In an extraordinary international response, a dozen nations have poured assets into the stormy South Atlantic to help find and save 44 Argentine submariners from the missing sub San Juan. It’s a stark contrast to the last great submarine disaster, when Russia was slow to accept international help for the stricken Kursk in 2000 and lost all 118 souls aboard.
From Jacksonville Naval Air Station in Florida, the US Navy has deployed two of its latest long-range, land-based patrol plane, the P-8 Poseidon (whose main mission, ironically, is to find submarines and sink them, not rescue). One aircraft came straight from Florida while the other was diverted from counter-drug operations out of El Salvador. They are joined by a NASA Arctic exploration aircraft, a civilianized P-3 Orion — the P-8’s predecessor.
The Navy has also deployed a panoply of rescue equipment for both deep and shallow water, since the depth at which the submarine has sunk is unknown. The newly created Unmanned Undersea Vehicle Squadron 1 in Pearl Harbor has sent three Iver 580 UUVs — able to operate up to 325 feet for up to 14 hours — and one much larger Bluefin 12D — able to operate up to “almost 5,000 feet” for 30 hours.
Undersea Rescue Command in San Diego has sent both its shallow-water Submarine Rescue Chamber — able to rescue six sailors at a time from a depth of up to 850 feet — and the deep-water Pressurized Rescue Module — able to rescue 16 at a time from up to 2,000 feet under. The PRM, almost uniquely, can connect to a downed submarine’s hatches even if the sub is pitched at a steep angle on the ocean floor, something that defeats most rescue systems. All this specialized equipment is heavy: It took three Air Force C-17s and one massive C-5 Galaxy to deliver.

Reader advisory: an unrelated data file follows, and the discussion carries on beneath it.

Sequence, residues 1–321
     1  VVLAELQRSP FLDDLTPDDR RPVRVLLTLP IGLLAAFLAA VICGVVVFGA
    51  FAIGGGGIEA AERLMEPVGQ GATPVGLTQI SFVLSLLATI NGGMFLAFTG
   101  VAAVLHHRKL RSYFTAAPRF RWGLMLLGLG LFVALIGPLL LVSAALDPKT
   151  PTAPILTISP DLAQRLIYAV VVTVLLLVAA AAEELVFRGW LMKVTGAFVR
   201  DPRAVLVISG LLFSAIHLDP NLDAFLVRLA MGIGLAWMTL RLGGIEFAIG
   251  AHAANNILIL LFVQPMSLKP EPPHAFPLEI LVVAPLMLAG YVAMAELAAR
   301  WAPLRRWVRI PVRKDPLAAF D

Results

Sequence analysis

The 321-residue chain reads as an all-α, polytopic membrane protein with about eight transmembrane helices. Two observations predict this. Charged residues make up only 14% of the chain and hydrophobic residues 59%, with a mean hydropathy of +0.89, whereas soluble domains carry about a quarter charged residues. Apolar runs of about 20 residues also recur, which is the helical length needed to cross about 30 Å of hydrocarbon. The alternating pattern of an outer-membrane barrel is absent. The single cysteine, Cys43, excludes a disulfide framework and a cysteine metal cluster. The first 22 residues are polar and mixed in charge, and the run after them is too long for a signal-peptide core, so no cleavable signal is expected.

UPDATE The Submarine Rescue Chamber — a kind of diving bell also known as a McCann Chamber — is the only system that’s ever successfully rescued submariners in a real-life emergency, 33 survivors of the USS Squalus way back in 1939.The more sophisticated Pressurized Rescue Module has only seen tests and exercises, said naval historian Norman Polmar. Both designs must be lowered into the water from a surface ship and can only operate in relatively calm weather, he added, which has not been on offing in the South Atlantic lately.
UPDATE The US Navy used to have a pair of mini-subs, the Deep Submergence Rescue Vehicles, that could conduct a rescue in any weather, because they were launched underwater from a full-size submarine, Polmar said. Those craft went out of service by 2008.
UPDATE But no rescue equipment can be used until we find the downed submarine, Polmar said. That’s even harder than hunting an active, hostile submarine because a stricken sub isn’t making noise by turning its propeller or running its engine. Modern submarines have emergency signal buoys that float to the surface with an emergency radio transponder to broadcast their location, but there has been no signal from San Juan yet.